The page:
Stavanger to Trondheim in a Mazda CX-3

Stavanger to Trondheim in a Mazda CX-3
Stavanger to Trondheim in a Mazda CX-3

Car launches for we motoring hacks are normally fairly standard. Arrive at location for coffee and bacon roll; have product presentation; drive manufacturer’s new model for a couple of hours; have lunch; drive another hour, then home. But that’s not the way Mazda does it; oh no.

Just weeks after driving the Japanese carmaker’s new CX-5 across the Scottish Highlands — a two-day jaunt which covered close to 250-miles — Mr Mazda called me again.

“We’re about to launch our facelifted CX-3, and wondered whether you’d like to drive it?”, he said.

“Sure,” I replied.

“Great,” Mr Mazda continued. “We’re doing an epic 1,100-kilometre drive from Stavanger to Trondheim in Norway. See you there.”

And that explains why, having already covered the opening 540kms from Stavanger to Loen on Day one, the alarm on my iPhone went off at 3.50am.

Credit: Dave Smith

But let’s rewind a bit. Why Norway: the land of mountains and fjords; 1.3 times the size of the UK, but with a population of just 5.2 million; and the £12 pint of beer?

Mazda has a simple philosophy which, unlike so many other carmakers, focuses purely and directly on driving. Humour me.

In its marketing blurb, Mazda says: “We believe the car should feel like an extension of you, a pure, intuitive relationship, creating a bond that words cannot describe. Like horse and rider — we call this ‘Jinba Ittai.’”

Credit: Dave Smith

Fine. Whatever. But another of Mazda’s strengths is its innovative engineering, and its desire to break down boundaries. In the mid-Sixties it developed the rotary engine. Now it has SkyActiv technology.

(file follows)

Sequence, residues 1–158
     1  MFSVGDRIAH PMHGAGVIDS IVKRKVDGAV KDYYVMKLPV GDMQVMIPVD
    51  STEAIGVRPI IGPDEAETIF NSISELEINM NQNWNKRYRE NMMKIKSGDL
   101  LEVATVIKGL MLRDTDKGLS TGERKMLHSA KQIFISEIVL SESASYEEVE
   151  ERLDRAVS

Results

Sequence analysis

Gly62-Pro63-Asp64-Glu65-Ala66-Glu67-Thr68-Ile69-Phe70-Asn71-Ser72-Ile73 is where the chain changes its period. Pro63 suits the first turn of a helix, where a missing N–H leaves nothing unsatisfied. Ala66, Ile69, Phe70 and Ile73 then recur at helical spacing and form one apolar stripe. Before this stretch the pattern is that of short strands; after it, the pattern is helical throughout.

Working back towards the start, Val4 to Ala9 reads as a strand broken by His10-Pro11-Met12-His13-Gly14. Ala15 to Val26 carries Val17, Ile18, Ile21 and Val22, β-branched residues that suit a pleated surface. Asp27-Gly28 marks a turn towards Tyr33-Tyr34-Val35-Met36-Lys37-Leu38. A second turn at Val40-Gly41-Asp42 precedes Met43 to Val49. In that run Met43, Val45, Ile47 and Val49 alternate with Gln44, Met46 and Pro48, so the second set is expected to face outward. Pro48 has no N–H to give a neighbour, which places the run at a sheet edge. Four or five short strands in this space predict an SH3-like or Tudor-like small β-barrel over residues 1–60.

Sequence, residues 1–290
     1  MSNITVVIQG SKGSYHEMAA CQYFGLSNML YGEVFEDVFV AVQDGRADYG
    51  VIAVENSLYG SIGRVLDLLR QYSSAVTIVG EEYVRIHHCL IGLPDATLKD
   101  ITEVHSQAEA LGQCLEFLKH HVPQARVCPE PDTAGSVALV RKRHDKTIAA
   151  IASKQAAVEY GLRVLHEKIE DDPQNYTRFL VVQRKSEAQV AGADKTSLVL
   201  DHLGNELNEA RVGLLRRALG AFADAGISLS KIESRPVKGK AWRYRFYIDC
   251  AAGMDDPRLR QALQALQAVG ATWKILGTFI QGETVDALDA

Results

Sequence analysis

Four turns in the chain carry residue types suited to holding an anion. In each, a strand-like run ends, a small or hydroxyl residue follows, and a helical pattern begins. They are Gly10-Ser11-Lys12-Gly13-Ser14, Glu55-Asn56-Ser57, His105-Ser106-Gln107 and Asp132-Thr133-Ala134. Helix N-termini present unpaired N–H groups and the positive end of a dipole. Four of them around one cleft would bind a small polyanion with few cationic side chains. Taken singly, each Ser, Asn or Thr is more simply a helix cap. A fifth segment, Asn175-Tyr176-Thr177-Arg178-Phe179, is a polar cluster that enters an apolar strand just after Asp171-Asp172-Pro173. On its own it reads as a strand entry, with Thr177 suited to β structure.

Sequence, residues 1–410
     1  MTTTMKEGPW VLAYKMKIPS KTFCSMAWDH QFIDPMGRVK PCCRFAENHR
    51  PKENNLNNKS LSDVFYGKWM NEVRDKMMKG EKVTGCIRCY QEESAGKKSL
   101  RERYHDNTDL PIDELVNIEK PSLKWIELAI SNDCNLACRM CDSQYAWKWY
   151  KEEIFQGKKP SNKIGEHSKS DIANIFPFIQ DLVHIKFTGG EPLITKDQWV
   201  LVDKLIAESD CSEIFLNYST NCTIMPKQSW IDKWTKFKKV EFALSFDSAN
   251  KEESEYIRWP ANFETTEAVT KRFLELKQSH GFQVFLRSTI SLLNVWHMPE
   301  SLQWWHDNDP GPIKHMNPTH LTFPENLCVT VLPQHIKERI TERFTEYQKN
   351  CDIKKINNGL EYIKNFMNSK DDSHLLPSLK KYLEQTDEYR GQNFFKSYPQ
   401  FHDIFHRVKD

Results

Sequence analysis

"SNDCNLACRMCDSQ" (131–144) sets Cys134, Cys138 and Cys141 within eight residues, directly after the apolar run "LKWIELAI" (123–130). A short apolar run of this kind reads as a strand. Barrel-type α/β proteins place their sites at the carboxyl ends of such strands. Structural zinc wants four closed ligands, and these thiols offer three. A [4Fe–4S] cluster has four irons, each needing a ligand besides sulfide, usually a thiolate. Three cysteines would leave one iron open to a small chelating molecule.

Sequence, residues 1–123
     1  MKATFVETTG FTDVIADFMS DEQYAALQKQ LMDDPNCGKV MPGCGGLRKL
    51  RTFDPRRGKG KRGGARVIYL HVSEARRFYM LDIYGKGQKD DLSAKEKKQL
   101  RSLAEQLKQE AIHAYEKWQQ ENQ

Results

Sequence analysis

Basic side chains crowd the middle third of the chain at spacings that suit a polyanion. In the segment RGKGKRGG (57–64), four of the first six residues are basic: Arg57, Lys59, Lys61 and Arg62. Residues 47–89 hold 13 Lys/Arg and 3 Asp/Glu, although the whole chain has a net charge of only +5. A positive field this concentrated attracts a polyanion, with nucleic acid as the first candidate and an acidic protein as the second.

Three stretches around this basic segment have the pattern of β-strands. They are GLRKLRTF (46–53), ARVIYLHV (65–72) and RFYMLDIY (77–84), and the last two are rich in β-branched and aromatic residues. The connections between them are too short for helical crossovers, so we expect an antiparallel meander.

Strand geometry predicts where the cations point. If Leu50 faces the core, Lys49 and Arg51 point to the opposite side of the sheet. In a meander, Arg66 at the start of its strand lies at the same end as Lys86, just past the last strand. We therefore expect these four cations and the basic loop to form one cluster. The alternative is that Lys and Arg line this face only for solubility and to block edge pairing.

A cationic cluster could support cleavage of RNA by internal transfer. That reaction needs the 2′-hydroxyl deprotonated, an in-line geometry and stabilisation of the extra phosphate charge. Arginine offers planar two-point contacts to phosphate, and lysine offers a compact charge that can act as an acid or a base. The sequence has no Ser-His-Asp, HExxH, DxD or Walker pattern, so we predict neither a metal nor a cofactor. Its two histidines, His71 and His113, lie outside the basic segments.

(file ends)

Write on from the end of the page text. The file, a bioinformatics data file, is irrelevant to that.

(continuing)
And in many ways, it’s that pioneering engineering and ‘can-do’ philosophy which Mazda celebrated during the 1,100km journey on one of the world’s most demanding and challenging driving routes, dominated by vertiginous roads, dramatic landscapes, tunnels and amazingly time-efficient ferries.

Day one, and it’s a relatively relaxed 6.00 am start in Stavanger. Fuelled by a double-espresso I picked up my ‘breakfast bag’ and headed for my Mazda CX-3.

Credit: Dave Smith

While the new 2017 range includes a 150PS 2.0-litre petrol and 105PS 1.5-litre diesel, both using SkyActiv technology, and available with the choice of either two- or four-wheel drive, I opted for what will be the big seller in the UK.

The 2WD, 120PS 2.0-litre petrol starts the range at £18,495 for the entry-level SE Nav spec. And while there’s a new range-topping GT Sport trim, which starts at £22,895, my car is the mid-range Sport Nav spec.

Priced at £20,895 (the auto will set you back an extra 1,200 quid, while the 4WD version is £22,895) the Sport Nav is well specced. In addition to the likes of stop-start, integrated Bluetooth, leather steering wheel and gear knob, DAB digital radio, cruise control, and 7-inch colour touchscreen, it also has Mazda’s new G-Vectoring Control(GVC).

First seen in the Mazda3, GVC varies engine torque to optimise loading on the wheels when cornering to provide more precise handling and improve comfort. The benefits of GVC were about to be maximised over the next 1,100kms.

Sport Nav also adds impressive 18-inch gunmetal-machined alloys, LED headlights and daytime running lights, a reversing camera, half-black leatherette seat trim, keyless entry, colour head-up display and a premium seven-speaker Bose surround system… all as standard.